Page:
As regular readers will know, I’ve been writing about Apple and balance accessibility for a couple of years now. Ever since I first realised OS X Lion’s full-screen transitions were making me dizzy, I’ve asked why Apple hasn’t done anything to cater for users with such problems. This was especially surprising given the company’s excellent work in vision, motor and hearing accessibility.
Everything came to a head with iOS 7, which led to me writing about the subject for Stuff and then The Guardian. With its latest mobile OS, Apple had ‘gamified’ the user interface. For many people, this provided an exciting animated experience, with a great sense of space in a virtual world. But for anyone with a balance disorder, the zooms, slides and bounces were too much, in some cases making the devices literally unusable. Several people told me they’d replaced their devices with models running iOS 6; many wrote to Apple, begging them for an off switch.
Such pleas were largely answered with Apple’s iOS 7.0.3 update, which I’ve today covered in a new article for Stuff. The update adjusts the Reduce Motion capabilities in the Accessibility section of the Settings app. Rather than just disabling parallax, it now also turns off some (not all) zoom effects, such as those that occur on opening or closing a home screen folder, or when launching or closing an app.
This is extremely welcome. People had asked me what sort of timescale I was hoping for regarding balance issues, and I generally said three-to-six months. Instead, this first major update arrived about a month after iOS 7, and judging by responses I’ve had on Twitter and elsewhere, it makes iOS devices usable for the majority of people who suffer from balance and related disorders.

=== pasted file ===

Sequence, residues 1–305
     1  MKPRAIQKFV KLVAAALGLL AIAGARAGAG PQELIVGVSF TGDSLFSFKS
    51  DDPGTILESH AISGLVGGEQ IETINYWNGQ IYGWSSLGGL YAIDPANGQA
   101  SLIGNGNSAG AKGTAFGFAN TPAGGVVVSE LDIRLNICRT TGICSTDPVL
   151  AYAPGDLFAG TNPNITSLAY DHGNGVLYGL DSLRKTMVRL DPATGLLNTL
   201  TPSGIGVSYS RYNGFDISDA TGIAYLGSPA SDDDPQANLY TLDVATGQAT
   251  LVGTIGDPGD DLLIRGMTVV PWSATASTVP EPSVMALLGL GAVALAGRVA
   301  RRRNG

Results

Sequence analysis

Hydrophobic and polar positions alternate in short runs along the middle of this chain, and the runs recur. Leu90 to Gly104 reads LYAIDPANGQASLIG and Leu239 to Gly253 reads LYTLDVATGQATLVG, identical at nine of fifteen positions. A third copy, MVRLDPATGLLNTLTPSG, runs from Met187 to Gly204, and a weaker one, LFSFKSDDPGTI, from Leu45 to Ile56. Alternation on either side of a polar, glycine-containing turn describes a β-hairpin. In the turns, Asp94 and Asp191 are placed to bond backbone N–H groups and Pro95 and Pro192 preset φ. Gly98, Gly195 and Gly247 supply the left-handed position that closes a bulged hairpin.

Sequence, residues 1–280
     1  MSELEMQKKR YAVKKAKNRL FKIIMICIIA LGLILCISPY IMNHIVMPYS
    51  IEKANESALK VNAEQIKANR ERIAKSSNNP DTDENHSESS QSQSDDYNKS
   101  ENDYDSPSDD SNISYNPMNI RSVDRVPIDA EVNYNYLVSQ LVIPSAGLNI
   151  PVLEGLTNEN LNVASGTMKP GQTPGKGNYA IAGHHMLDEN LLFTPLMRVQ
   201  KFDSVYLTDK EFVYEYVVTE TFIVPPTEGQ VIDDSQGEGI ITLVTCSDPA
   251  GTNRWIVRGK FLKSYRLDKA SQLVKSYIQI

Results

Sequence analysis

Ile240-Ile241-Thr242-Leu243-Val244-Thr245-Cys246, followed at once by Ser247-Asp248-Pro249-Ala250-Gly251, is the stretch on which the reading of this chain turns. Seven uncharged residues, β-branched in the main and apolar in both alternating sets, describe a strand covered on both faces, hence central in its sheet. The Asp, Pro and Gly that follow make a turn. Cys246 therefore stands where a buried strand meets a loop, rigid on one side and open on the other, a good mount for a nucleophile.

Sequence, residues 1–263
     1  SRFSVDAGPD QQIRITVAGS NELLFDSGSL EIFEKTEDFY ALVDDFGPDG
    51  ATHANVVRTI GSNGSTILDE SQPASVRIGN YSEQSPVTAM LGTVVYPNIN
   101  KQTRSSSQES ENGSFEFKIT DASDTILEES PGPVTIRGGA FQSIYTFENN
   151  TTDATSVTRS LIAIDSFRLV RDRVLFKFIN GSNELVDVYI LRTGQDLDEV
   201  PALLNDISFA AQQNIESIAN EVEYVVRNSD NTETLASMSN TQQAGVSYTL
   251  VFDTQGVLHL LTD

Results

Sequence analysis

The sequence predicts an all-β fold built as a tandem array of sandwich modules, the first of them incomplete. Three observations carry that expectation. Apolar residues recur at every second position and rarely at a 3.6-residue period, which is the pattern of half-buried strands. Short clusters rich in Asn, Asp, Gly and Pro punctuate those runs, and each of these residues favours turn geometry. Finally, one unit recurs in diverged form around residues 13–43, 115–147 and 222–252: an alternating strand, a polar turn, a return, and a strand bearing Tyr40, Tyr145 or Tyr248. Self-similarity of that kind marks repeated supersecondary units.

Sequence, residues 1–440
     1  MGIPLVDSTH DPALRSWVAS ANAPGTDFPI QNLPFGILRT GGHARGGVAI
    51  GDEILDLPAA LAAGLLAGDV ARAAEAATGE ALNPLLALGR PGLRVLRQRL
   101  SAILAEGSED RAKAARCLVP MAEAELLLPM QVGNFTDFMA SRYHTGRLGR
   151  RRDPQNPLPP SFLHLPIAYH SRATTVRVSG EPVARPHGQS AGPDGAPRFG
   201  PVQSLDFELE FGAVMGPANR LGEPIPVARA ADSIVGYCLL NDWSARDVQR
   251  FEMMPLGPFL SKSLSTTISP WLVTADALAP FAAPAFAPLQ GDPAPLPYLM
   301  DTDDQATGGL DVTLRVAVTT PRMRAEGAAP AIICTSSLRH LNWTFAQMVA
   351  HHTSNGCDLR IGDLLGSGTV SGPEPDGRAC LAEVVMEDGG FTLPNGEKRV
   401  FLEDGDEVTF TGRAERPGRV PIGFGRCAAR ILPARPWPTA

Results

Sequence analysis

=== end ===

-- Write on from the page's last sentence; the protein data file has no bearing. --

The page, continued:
I say first major update quite deliberately, on the basis I’m optimistic this will not be a full stop. My hope is that this is merely an initial step for iOS 7 and Apple regarding this area of accessibility and that other updates will be forthcoming. Here’s what I’d like to see in future versions of iOS 7:
More triggers addressed and made possible to disable
Zooms were the biggest, most widespread balance problem in iOS, but other triggers remain. Perhaps the most notable is the app switcher, with has a zoom-and-slide entry/exit animation and retains the subsequent zoom when selecting an app. Other triggers include full-screen slide transitions (which were also common in iOS 6 and earlier), bouncing UI elements (notably in Messages) and the Safari tab switcher.
Granular controls in Settings
With other fields of accessibility, you don’t just get a single switch. For example, people with limited vision aren’t forced to turn on every piece of vision-related accessibility in iOS—they can choose what they need. By comparison, Reduce Motion is currently all-or-nothing. If you’re fine with parallax but not zooms (or vice-versa), that’s too bad. Given the speed with which Apple responded, I think this is a suitable compromise for now, but I do hope future versions of iOS 7 will allow users to choose which types of animation they’d like disabled.
I’ve spoken to a number of developers about balance accessibility, and without exception, all were keen on Apple providing the means to hook into user-definable settings. Right now, they must roll their own. Their hope: if someone turns on certain settings in Reduce Motion, related animations in their own apps would be disabled or altered accordingly.
My other hope is that Apple’s accessibility team starts addressing issues beyond iOS. The latest version of OS X, Mavericks, recently arrived and it does nothing to deal with the issue I first raised with Apple two major releases ago. Full-screen transitions on large screens are major vertigo triggers, placing an big part of OS X off limits to certain users, primarily for the sake of aesthetics. That the animations can be overridden by TotalSpaces shows the code for doing so must be lurking somewhere, and it can’t be too much to ask for Apple to add a section to System Preferences for this problem.
Still, for the first time since I started writing about this subject, I feel truly positive, rather than like I’m just yelling into the wind (albeit more recently yelling into the wind with plenty of support). iOS 7.0.3 proved that Apple can make changes to cater for users with vertigo and balance issues, and so here’s hoping for more over the coming months.